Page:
DON'T MISS A THING

Get the week's best photography, illustration, design and art news delivered directly to your inbox

Resources

How To Take Professional Photos: A Beginner’s Guide

Do you want to learn how to take professional photos? Here are some professional photography tips that will show you how to make your pictures look more polished.

To inexperienced photographers, taking a great photo can seem simple: just point and shoot. But anyone who’s tried to learn how to take professional photos knows that there’s a lot more to it than that.

From choosing the right subject and setting up a cool composition to finding the best light, it takes a lot of consideration to capture a great photo.

If you want to take your photography to the next level, here are some tips to help you learn how to take good pictures. Once you get a hang of these basic pro techniques, it should vastly improve your results.

The best part about knowing how to take professional photos? It leads to new opportunities. The more professional-looking photos you’ll be able to produce, the better your online photography portfolio will look. And the better your online photography portfolio looks, the more photography jobs you will land.

So, let’s dig in!

1. Master the Fundamentals of Composition

Choose a Strong Focal Point

The focal point of a photo is the main point of interest. It could be anything from a tree, to a building, to a person (or their eyes). Finding a strong focal point is one of the fundamental steps of how to take professional photos. So when you’re planning out or setting up a shot, you should stop and ask yourself, “What do I want viewers to focus on?”

Once you know what your focal point is, you can work towards making it as strong as it can be. Many of the composition rules below will help you create an interesting focal point that draws in and holds the viewer’s attention.

Follow The Rule of Thirds

Instead of positioning the focal point in the center of your shot, it can make for a more interesting composition if you follow the rule of thirds. This rule states that you should place the most important elements in your photos off center.

Imagine there’s a tic-tac-toe grid in front of your shot. That means two lines divide your frame into thirds vertically, and two lines divide it into thirds horizontally. You should place the subject and other important elements in your shot along these lines or at one of the four points where they intersect.

It’s one of the easiest ways to learn how to take professional photos. Instead of having all your portraits look like mugshots, this guideline can help you find a better balance between the main subject and background.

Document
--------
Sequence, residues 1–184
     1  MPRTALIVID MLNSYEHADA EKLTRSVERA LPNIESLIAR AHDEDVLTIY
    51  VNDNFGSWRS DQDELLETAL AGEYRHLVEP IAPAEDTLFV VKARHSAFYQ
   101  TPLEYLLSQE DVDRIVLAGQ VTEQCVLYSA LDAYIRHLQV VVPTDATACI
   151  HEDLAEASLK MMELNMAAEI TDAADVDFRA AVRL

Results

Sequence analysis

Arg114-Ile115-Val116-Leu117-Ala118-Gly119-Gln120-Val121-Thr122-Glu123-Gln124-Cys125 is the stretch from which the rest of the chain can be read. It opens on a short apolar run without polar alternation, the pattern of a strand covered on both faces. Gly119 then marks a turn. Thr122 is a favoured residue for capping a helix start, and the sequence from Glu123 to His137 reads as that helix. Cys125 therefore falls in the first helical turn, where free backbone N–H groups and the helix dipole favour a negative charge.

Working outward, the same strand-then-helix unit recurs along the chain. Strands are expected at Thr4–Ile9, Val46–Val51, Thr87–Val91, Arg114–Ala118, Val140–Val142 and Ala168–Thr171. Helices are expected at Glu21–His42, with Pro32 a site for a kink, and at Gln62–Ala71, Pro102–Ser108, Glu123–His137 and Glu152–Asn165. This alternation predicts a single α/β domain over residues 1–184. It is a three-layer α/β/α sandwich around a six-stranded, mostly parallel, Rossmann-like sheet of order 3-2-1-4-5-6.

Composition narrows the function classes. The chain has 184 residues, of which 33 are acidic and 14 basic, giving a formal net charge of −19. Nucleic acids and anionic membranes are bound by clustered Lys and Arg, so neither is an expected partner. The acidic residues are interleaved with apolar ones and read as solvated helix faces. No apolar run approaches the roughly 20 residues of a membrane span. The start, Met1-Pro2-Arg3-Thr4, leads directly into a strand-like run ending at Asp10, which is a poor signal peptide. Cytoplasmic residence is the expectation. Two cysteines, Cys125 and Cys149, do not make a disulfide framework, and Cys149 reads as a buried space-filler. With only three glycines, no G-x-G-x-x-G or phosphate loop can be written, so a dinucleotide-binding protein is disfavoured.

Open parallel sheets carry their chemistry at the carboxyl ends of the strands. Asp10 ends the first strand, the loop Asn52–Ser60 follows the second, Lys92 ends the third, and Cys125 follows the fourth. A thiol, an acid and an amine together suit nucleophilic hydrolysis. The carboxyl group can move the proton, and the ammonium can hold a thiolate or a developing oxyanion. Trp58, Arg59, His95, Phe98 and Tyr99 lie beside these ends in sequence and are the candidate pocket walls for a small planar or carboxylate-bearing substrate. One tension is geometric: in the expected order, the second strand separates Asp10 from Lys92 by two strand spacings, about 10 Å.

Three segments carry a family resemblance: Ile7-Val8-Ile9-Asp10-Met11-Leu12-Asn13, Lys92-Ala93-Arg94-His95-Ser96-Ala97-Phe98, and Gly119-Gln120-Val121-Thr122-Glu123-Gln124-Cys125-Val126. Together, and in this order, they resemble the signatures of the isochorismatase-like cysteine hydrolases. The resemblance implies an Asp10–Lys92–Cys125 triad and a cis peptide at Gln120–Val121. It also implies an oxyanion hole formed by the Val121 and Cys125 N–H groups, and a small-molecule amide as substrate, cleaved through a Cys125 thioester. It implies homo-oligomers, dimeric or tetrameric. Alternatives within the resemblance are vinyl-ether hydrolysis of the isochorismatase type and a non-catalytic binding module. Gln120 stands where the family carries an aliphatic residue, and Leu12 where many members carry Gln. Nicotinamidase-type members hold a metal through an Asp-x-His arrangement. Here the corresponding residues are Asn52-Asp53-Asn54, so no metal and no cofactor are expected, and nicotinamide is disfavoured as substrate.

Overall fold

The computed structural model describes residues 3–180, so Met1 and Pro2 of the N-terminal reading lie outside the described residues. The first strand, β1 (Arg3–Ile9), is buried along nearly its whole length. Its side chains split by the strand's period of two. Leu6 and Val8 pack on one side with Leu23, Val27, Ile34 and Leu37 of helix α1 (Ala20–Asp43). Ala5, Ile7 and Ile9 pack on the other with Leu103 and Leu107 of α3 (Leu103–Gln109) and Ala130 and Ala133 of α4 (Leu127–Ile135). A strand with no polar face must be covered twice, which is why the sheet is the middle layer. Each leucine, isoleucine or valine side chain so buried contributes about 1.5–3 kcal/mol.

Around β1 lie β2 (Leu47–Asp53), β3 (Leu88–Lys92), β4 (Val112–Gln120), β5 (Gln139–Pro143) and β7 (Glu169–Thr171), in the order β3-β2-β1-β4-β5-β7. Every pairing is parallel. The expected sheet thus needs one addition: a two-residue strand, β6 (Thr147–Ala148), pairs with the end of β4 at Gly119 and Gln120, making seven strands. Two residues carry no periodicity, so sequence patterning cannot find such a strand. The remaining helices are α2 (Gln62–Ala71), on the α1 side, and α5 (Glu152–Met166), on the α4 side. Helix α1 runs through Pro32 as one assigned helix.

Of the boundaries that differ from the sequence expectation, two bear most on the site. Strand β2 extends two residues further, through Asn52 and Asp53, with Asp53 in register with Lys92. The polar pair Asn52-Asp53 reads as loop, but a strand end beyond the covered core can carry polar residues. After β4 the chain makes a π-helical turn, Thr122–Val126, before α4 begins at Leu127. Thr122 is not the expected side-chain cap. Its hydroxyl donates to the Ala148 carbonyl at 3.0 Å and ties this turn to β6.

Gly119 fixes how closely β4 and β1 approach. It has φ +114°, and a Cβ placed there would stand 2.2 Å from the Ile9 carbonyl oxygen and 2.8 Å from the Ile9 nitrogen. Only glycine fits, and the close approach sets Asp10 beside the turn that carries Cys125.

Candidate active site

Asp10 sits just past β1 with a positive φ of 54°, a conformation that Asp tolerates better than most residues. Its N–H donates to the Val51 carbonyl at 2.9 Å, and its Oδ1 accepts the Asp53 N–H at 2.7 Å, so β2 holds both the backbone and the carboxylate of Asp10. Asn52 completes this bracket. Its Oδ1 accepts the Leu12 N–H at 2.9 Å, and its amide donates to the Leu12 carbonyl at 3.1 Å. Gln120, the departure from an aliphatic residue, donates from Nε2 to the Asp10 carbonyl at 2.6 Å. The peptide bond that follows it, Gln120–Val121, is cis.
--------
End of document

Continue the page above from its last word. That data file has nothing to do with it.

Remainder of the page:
Use Leading Lines

Leading lines are line shapes in your shot that can help guide a viewer’s eyes to the focal point. They can be anything that creates a line in your photo, like roads, fences, buildings, long hallways, trees, or shadows.

The trick is using them take a viewer’s attention where you want it to go. That can include drawing their eyes straight to your subject, or leading them on a kind of visual journey through your composition.

The direction of your leading lines can also change the mood of your compositions. For example, vertical leading lines can convey a powerful, imposing mood, while horizontal leading lines tend to be associated with calm and tranquility. For more information on why this technique can help with taking professional photos, check out this guide on how to use leading lines in your photography.

Put Some Thought Into Perspective

Perspective has a massive impact on the composition of any photo. By simply changing the angle or distance you shoot from, you can totally change the mood and meaning of your images.

One simple way to see that is by shooting the same subject from above and below. A bird’s-eye view can make a person in your shot seem small, while shooting from below can make it look like the same person is now towering over you. Shooting from far away can make a person look insignificant, while getting up close and having them fill the frame can convey a sense of power.

So when setting up any shot, spend some time thinking about perspective. Don’t be afraid to walk around your subject to search for interesting angles, and see how drastically it can change the composition’s mood. It will bring you one step closer to perfecting how to take professional pictures.